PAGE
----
Ethereum 2.0 witnesses first successful mining and validation of a block on testnet

Ethereum 2.0 is approaching close to release with the first successful mining and validation of a block on a testnet that happened last week.

Ethereum 2.0 replaces the current, computationally-intensive proof-of-work consensus mechanism with a proof-of-stake one. The launch of Ethereum 2.0 approached a step closer with the first successful mining and validation of a block on a testnet. People who hold a large number of tokens will be rewarded with fees for verifying transactions under the proof-of-stake model. The model is replacing the method of creating blocks by using massive amounts of computing power.

Ethereum 2.0 is scheduled to launch in July. 

It is expected that Ethereum 2.0 will be much faster and more scalable upon its launch, which is tentatively scheduled for July this year. The improved scalability will come via the implementation of sharding. This process breaks up the Ethereum network into smaller nodes to handle many times transactions as compared to as it does now. Prysmatic Labs, an engineering team working on the Ethereum 2.0, launched the Ethereum 2.0 Topaz testnet in mid-April, which replaced the previous testnet called Sapphire. A testnet allows developers to test the stability and functionality of a blockchain before the public launch. The Topaz testnet utilizes the same mainnet configuration planned for Ethereum 2.0’s initial launch and requires validators to stake the full 32 ETH that will be needed with the 2.0 mainnet.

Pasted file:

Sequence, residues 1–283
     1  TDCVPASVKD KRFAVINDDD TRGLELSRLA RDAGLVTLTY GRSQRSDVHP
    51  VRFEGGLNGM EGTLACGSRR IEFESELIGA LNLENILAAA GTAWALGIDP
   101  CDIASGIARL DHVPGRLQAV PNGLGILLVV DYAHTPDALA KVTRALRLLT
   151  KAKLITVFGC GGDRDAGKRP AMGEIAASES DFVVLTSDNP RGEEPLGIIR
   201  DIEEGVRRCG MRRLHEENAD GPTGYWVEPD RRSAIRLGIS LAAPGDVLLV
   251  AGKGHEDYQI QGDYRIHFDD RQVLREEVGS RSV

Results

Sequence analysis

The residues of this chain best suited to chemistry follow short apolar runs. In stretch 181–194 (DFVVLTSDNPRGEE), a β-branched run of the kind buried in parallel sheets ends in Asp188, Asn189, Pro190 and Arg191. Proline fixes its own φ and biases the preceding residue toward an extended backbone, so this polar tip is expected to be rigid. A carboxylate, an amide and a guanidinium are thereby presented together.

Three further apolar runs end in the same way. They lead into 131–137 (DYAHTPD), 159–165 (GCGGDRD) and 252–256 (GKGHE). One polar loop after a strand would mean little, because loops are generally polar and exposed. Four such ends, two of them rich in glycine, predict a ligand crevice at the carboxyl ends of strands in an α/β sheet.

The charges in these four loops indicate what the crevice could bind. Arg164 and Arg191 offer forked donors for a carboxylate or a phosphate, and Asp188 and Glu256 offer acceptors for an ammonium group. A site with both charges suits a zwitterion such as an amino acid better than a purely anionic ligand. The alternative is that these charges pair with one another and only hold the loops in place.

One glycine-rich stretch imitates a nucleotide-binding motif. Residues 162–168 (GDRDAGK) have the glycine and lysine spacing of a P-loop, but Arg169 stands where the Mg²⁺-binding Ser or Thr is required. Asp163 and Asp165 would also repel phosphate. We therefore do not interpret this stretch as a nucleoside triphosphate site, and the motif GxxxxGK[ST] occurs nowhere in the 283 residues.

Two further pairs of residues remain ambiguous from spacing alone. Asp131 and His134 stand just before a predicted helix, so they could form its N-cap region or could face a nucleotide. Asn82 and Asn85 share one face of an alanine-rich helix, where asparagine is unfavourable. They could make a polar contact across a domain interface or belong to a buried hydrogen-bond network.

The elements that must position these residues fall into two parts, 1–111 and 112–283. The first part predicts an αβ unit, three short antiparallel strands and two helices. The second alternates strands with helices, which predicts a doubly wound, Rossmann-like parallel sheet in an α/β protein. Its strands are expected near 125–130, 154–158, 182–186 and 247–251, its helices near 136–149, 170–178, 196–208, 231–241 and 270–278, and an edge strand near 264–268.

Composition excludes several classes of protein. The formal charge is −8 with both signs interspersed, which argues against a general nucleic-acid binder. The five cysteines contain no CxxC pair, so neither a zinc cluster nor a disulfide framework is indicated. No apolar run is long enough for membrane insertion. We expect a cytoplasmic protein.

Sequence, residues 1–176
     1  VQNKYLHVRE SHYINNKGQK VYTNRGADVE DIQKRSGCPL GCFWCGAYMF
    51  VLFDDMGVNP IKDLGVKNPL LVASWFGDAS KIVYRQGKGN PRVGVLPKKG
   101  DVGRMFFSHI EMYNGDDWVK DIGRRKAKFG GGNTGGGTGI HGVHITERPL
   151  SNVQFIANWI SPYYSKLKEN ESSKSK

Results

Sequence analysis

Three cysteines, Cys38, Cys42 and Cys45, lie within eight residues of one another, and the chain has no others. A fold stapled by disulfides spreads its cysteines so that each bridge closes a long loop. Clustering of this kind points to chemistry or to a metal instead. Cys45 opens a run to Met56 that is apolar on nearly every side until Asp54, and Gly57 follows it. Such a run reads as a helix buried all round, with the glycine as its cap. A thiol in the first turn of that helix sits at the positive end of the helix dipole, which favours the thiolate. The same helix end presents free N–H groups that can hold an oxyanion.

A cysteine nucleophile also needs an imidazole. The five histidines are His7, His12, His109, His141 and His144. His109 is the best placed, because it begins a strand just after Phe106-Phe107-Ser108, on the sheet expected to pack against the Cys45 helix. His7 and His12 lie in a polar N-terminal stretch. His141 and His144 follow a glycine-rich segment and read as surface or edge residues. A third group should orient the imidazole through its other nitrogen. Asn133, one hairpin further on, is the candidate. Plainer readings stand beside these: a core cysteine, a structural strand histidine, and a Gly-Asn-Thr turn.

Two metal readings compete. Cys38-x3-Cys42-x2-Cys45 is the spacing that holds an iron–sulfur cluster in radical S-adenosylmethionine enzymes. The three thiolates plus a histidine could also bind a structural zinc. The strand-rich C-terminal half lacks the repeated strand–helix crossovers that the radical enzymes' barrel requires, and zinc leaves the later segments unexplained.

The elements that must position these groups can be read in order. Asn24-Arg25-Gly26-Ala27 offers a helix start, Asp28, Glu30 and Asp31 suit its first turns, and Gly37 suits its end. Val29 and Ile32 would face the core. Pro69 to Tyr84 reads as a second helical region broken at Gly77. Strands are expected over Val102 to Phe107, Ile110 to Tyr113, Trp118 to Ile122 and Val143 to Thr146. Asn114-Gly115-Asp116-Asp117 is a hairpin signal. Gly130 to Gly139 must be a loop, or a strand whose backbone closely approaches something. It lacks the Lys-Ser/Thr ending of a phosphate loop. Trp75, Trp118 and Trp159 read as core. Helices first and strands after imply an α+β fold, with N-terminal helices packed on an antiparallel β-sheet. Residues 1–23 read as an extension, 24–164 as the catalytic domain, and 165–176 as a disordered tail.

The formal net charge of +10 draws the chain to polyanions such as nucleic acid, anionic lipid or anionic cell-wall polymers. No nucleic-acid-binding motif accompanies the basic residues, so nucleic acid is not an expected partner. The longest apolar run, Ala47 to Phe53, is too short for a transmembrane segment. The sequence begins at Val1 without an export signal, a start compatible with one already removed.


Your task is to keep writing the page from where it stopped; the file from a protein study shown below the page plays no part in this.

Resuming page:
“Note that this is likely not quite yet ‘THE Multiclient Testnet™,’

Ethereum co-founder, Vitalik Buterin tweeted, note that this is likely not quite yet ‘THE Multiclient Testnet™,’ as we are likely going to do one or two restarts soon to have more chances to test the genesis mechanism. But still, huge progress and excellent work by Prysmatic Labs, he added. Last month security consultant Least Authority completed an audit of Ethereum 2.0 and praised its “well thought out” specifications. Later last year, Ethreum founders Vitalik Buterin and Joesph Lubin had admitted that they knew Ethereum was never designed for scalability despite ICO documents claiming otherwise. Vitalik and Joesph both faced criticism from the crypto community after their admission. 

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Jai Pratap
Jai Pratap
A Mass Media Graduate who loves to write. Jai is also a sports enthusiast and a big movie buff. He loves to learn new things.

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